Franklin Park firm a noisy neighbor, some say
Area residents met with representatives of trucking firm Foodliner, 9200 King St., on Jan. 17. | Mark Lawton~Sun-Times Media
Updated: March 2, 2013 6:19AM
FRANKLIN PARK — Shawn and Sherry O’Neill say Foodliner, a trucking company near their Franklin Park home, has woken them up every night for 10 years.
Foodliner, 9200 King St., moves bulk foods, liquids and other items, according to its website. When trucks return from their deliveries, they go into the facility to have the tank interiors washed.
The trailers are then taken outside and dried in a noisy fashion, said resident Shawn O’Neill who lives on nearby Crescent Drive.
“It sounds like a jet,” Shawn said. “Those noises start at three in the morning.”
“The noise that is the problem is after 10 p.m. and before 6 a.m.,” Sherry, his wife, said.
Neighbor Gertrude Miklasz agrees.
“If you’re outside, its very annoying,” Miklasz said. “You can’t enjoy a peaceful evening in the yard. Sometimes when you’re listening to TV, you can hear it.”
Some residents went to the Illinois Pollution Control Board, which ruled against Foodliner on June 6, 2002. Nothing, however, came out of the ruling
About a month ago, the O’Neills hired Norridge attorney Thomas Tartaglia. Rather than going to court, Tartaglia sent a copy of the Illinois Pollution Control Board report to Village President Barrett Pedersen, who in turn set up a meeting on Jan. 17 between residents, two Foodliner representatives, Pedersen and zoning administrator John Schneider.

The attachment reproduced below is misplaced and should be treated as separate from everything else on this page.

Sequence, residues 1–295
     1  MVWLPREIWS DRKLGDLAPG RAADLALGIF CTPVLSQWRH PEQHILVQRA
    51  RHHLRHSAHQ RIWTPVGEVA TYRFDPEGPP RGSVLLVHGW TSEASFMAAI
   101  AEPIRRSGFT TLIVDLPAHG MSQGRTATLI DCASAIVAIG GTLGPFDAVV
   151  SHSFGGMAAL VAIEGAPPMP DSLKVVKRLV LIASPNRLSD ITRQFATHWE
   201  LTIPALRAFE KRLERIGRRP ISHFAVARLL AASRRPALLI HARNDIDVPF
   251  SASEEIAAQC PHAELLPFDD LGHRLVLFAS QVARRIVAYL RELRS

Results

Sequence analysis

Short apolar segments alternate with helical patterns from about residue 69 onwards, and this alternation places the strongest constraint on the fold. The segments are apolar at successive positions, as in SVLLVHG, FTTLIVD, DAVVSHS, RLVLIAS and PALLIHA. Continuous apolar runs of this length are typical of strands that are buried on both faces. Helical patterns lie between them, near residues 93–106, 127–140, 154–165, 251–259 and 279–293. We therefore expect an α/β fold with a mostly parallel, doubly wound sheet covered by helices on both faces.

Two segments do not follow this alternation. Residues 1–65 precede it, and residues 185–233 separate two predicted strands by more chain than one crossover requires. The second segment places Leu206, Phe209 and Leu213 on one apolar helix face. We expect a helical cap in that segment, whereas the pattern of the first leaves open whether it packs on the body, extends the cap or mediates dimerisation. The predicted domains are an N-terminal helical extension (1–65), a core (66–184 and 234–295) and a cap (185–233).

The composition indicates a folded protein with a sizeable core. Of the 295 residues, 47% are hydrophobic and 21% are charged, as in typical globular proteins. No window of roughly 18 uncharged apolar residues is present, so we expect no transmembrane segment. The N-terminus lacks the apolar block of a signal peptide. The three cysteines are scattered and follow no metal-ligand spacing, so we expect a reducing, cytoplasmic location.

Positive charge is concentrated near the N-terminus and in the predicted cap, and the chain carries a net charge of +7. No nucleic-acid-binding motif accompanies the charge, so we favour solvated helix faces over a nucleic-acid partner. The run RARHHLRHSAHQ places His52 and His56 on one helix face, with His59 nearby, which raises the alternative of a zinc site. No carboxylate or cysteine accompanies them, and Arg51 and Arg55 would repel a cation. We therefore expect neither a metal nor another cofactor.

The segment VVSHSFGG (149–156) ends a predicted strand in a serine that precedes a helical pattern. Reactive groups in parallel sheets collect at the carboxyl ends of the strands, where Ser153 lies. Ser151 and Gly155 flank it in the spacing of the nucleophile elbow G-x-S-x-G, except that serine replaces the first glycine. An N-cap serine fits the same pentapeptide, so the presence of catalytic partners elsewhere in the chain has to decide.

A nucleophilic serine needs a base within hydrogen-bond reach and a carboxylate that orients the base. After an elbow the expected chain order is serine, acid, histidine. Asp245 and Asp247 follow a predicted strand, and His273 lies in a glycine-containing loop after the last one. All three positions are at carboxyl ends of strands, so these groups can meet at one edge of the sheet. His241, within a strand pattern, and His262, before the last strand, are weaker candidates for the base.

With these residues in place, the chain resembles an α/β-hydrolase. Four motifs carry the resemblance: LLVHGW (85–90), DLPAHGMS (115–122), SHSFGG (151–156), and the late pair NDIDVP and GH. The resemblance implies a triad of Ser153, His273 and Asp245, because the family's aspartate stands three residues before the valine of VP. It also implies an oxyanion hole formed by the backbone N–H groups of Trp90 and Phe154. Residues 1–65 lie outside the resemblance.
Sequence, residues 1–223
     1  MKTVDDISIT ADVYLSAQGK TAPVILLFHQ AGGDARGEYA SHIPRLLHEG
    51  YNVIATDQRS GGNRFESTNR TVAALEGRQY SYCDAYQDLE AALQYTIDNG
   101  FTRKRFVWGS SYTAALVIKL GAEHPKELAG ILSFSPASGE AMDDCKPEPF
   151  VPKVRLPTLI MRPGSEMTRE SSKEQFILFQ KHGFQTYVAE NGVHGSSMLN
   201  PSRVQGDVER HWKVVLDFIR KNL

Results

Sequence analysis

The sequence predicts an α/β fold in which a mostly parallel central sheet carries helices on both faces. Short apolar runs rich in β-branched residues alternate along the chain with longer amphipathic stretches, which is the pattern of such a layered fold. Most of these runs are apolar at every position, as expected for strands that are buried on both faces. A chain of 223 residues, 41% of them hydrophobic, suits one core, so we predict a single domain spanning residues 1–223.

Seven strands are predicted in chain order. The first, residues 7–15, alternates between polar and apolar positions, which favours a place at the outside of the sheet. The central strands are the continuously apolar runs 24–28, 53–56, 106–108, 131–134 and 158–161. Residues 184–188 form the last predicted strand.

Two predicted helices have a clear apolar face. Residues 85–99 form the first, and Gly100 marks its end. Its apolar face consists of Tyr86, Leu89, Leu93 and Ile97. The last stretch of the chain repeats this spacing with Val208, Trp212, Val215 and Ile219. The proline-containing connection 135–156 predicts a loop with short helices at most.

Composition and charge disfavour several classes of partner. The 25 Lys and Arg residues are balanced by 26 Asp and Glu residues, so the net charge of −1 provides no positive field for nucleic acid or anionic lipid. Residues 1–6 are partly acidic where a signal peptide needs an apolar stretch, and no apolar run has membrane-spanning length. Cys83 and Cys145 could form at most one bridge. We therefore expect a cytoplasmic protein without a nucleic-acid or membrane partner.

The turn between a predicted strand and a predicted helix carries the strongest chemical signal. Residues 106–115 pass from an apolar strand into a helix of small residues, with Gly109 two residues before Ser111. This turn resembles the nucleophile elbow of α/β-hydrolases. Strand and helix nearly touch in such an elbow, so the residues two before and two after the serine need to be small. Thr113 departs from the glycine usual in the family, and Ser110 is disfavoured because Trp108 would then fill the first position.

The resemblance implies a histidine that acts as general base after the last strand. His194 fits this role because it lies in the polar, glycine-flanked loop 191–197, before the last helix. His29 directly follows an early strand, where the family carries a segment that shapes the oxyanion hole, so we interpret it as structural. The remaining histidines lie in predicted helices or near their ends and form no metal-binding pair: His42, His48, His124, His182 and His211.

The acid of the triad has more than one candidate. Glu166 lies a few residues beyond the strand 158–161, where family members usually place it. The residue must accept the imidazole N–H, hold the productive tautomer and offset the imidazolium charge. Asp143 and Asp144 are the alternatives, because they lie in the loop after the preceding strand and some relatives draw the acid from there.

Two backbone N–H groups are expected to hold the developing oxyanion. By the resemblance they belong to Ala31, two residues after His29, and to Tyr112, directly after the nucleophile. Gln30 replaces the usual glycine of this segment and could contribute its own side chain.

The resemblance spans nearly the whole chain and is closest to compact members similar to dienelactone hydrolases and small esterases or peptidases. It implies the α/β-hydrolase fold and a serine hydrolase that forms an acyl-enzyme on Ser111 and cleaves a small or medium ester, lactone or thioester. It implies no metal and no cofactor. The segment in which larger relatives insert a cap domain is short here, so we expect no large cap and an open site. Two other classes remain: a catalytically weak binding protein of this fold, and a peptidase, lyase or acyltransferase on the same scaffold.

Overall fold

After some research, Schneider found out that the village does have the power to regulate Foodliner.
“All activities related to industry has to take place indoors,” Schneider said. “That’s in our ordinance. I read that to Foodliner (representatives) and they didn’t know that.”
Foodliner declined to comment for this article.
Tartaglia said the two company representatives at the meeting “seemed open minded and willing to have a civil discussion.”
Schneider, whose is also economic development director, spends most of his time trying to retain or attract businesses to the village.
“We don’t want to lose the company but people shouldn’t be awoken at 3 in the morning,” he said. “We don’t want them to move but there might be a site in a pure industrial area (in Franklin Park) that might work better for them.”